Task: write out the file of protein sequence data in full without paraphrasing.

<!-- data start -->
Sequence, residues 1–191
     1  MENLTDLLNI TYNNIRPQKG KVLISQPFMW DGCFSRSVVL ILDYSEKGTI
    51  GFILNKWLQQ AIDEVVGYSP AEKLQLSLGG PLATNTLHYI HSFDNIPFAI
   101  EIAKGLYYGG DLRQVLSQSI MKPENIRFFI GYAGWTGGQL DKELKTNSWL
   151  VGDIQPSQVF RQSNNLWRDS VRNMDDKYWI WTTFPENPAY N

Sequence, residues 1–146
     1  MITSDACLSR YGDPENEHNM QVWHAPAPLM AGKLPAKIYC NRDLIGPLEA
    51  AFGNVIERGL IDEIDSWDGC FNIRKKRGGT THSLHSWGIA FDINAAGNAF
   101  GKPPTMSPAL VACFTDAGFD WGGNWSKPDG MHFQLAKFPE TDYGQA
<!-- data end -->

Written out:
Sequence, residues 1–191
     1  MENLTDLLNI TYNNIRPQKG KVLISQPFMW DGCFSRSVVL ILDYSEKGTI
    51  GFILNKWLQQ AIDEVVGYSP AEKLQLSLGG PLATNTLHYI HSFDNIPFAI
   101  EIAKGLYYGG DLRQVLSQSI MKPENIRFFI GYAGWTGGQL DKELKTNSWL
   151  VGDIQPSQVF RQSNNLWRDS VRNMDDKYWI WTTFPENPAY N

Sequence, residues 1–146
     1  MITSDACLSR YGDPENEHNM QVWHAPAPLM AGKLPAKIYC NRDLIGPLEA
    51  AFGNVIERGL IDEIDSWDGC FNIRKKRGGT THSLHSWGIA FDINAAGNAF
   101  GKPPTMSPAL VACFTDAGFD WGGNWSKPDG MHFQLAKFPE TDYGQA